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Heavy Wheels

I was recently driving a friend’s car and noticed how easily it rolled when I let my foot off the accelerator. I drive a 2002 Hyundai Santa Fe V6 front wheel drive, and when I let my foot off the gas, the car immediately starts to decelerate. When driving down hill, or approaching a light, I sometimes shift into neutral and can coast with relatively low resistance. But as soon as I put the car back into drive, it seems to downshift suddenly. This is the only car I have ever owned and was resigned to the fact that maybe it was because I just drive a heavy car. But then I remembered a few years ago, I visited a different mechanic and whatever he did made the car seem to roll better, but now that feeling is gone.

Is there something on the engine, transmission or any other system that can be adjusted?

The transmission’s “logic” can be changed–to some small extent–by reflashing the TCM with updated software…IF updated software to eliminate these downshifts actually exists. The only one who could likely tell you if there is updated software for your transmission is the Hyundai dealership.

You cannot compare your friend’s car (whatever that is) to your Hyundai. How a car performs is an accumulation of countless details that vary from car to car.Comparing two different cars is analogous to comparing an elephant and a hippo. Both are large gray herbivores that like water, but the similarity ends there. They’re entirely, totally different animals that move and behave totally differently.

I agree with VDC that there might be some variation that the software will allow, but you can never expect to make your car behave like your friend’s.

By the way, what kind of car does your friend have?

Engine braking via the transmission can vary from one car to the other so you can’t compare 2 different makes. Both could be normal.

Only thing I would check is to make sure you didn’t accidentally turn off the overdrive, or somehow selected an awd or 4wd setting meant for slick/snowy roads. On some vehicles it’s done by pushing a button.

No 4wd on this old tank. But in comparison, I once rented a Kia Sorento and even drove my friends 2011 Grand Cherokee - that ride felt like I was floating. Both coasted with ease. The car I recently drove was a 2006 Nissan Sentra which made me cringe thinking about all the gas I must have wasted all these years.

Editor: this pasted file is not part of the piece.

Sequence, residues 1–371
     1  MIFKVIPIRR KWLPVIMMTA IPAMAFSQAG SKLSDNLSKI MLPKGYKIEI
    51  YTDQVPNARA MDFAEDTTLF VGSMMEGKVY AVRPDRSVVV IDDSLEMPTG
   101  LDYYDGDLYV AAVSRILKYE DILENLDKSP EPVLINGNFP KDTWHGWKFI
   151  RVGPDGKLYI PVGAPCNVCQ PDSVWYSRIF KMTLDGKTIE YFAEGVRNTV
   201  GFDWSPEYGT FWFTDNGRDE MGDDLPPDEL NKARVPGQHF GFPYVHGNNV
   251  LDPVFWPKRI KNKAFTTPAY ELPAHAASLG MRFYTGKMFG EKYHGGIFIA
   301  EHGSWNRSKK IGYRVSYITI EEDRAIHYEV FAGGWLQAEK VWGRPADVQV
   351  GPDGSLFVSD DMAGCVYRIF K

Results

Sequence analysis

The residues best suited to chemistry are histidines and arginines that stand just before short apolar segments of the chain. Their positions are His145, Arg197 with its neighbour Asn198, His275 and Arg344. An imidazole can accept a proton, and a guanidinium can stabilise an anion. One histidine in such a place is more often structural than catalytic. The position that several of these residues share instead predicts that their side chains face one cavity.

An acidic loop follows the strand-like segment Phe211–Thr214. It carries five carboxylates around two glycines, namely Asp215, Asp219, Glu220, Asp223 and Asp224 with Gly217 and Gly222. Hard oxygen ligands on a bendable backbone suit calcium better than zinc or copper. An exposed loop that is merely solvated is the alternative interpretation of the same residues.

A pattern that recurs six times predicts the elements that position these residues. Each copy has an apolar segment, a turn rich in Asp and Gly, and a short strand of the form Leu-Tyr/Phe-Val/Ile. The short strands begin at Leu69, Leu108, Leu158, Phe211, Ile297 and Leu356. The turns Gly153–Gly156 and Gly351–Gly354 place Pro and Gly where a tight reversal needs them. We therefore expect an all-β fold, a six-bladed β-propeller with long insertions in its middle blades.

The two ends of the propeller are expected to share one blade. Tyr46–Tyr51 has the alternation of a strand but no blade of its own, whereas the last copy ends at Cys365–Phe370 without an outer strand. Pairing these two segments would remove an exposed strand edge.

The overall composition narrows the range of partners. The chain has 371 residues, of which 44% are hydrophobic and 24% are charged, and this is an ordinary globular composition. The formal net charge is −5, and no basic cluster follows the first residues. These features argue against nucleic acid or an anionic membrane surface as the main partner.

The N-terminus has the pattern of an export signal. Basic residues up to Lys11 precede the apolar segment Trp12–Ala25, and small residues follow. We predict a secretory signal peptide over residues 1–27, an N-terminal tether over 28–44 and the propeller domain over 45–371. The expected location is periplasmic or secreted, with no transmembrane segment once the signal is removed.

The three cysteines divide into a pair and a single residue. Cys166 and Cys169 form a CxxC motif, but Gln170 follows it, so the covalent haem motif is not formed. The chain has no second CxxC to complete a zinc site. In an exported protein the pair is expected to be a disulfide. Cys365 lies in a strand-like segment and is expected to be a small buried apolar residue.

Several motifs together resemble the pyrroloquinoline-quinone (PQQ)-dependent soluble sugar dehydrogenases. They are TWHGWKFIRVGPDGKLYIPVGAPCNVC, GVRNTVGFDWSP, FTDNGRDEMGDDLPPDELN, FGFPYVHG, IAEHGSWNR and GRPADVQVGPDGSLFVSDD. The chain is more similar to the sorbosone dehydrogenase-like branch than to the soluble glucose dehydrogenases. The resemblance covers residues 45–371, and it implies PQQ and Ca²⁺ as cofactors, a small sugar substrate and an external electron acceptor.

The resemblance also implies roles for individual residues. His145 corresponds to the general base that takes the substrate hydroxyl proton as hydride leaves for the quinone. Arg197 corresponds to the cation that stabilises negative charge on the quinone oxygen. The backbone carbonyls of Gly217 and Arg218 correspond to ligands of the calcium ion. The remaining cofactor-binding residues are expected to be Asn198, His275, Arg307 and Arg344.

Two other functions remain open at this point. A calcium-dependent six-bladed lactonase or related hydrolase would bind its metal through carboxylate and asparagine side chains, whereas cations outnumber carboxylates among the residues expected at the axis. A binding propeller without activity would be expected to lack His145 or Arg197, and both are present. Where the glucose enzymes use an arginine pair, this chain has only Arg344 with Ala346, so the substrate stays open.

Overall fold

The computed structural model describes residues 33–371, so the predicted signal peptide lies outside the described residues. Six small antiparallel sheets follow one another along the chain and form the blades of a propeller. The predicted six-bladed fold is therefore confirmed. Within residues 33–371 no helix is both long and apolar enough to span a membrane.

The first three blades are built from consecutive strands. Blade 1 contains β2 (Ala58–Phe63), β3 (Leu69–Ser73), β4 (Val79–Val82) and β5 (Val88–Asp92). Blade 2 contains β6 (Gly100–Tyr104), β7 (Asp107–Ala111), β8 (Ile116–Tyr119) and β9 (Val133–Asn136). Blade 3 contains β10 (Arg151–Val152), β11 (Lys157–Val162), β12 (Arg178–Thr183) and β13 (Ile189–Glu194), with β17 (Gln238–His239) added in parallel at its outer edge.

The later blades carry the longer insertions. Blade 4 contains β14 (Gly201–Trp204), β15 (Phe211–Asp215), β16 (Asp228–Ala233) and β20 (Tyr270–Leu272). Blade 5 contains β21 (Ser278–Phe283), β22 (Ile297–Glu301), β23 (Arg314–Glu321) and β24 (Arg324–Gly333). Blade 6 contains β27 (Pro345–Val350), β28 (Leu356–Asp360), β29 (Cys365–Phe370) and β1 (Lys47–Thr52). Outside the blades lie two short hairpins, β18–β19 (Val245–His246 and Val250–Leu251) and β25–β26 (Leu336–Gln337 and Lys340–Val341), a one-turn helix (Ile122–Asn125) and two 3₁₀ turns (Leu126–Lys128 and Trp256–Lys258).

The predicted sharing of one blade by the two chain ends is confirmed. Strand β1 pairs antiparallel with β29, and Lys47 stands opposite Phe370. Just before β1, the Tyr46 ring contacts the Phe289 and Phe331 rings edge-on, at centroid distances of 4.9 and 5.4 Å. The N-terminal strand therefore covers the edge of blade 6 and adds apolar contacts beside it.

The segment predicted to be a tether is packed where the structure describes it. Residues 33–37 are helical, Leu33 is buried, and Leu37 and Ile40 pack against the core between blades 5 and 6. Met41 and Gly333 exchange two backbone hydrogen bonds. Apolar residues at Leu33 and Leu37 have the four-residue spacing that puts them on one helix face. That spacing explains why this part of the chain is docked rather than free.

It’s been a while since I’ve gotten service at the dealership, but since I only have about 120k, I think it might be worth a visit and get this software checked. Hopefully there will be an update.

Another possibility - a stuck/binding brake caliper, but that would tend to pull to one side or the other.

The differences might be as simple as different tires…or as complicated as differentdesign approaches to the different torque converters.

Is your tire pressure good?
Are your tires designed for low rolling resistance or good poor-weather traction?

If the pressure is good, the tires are all-weather or summer tires, and there are no wear, braking, or handling anomolies that would suggest a problem, and if your gas mileage is as advertised, than I’d be reluctant to mess with the tranny programming. Remember, every action has a reaction, and it isn;t always what we hope for.

Vehicles do vary widely, our Forester slows down much more than other vehicles I’ve driven when I let off the gas.

I thought it might be a caliper, and even thought it might have been parking break, but again, when I shift into neutral, I’m smooth sailing. And yes, I do use all-weather and probably over inflate anyway. 32psi makes the tires look too flat and gives it an even more sluggish ride.

UPDATE: I just got off the phone with the dealer and learned that I did in fact have my transmission replaced back in '04 (under warranty). Totally forgot about that! But according to the tech, there aren’t any program/firmware updates that he knows of.

So it’s either normal, or maybe something with the transmission. I’d guess the torque converter is staying locked up, but that would cause problems as you come to a stop, and you haven’t mentioned any.

its bad form to put your trans in neutral while driving

Is it in line?-Kevin

bscar2: why is it bad to drive in neutral with an automatic?

KMccune: Not sure what you mean in-line? In terms of alignments, I’ve had a number of those and the car stays true on a flat strait surface. I had a slow leak on one of my tires a while back and that kept shifting the car to one side. No longer the case here.

It is not just a bad idea to coast in neutral. In many states, it is actually illegal.

Why?
Because you don’t have the same amount of control over your vehicle when it is in neutral.

If you need to brake, you will not have the additional help of the transmission downshifting to slow you down, along with the brakes.
And, if you need to accelerate in order to avoid trouble, the extra time needed to put the transmission in gear could make the difference between being able to perform an evasive manuever successfully and not doing it successfully.

Didn’t knew that it was illegal. But again, I only use it when driving down long grades then always shift to drive before coming to a stop. The LX has shif-o-matic. Either way, there is not much traffic up where I live, but I thought the poster was referring to some kind of mechanical problem if you coasted in neutral.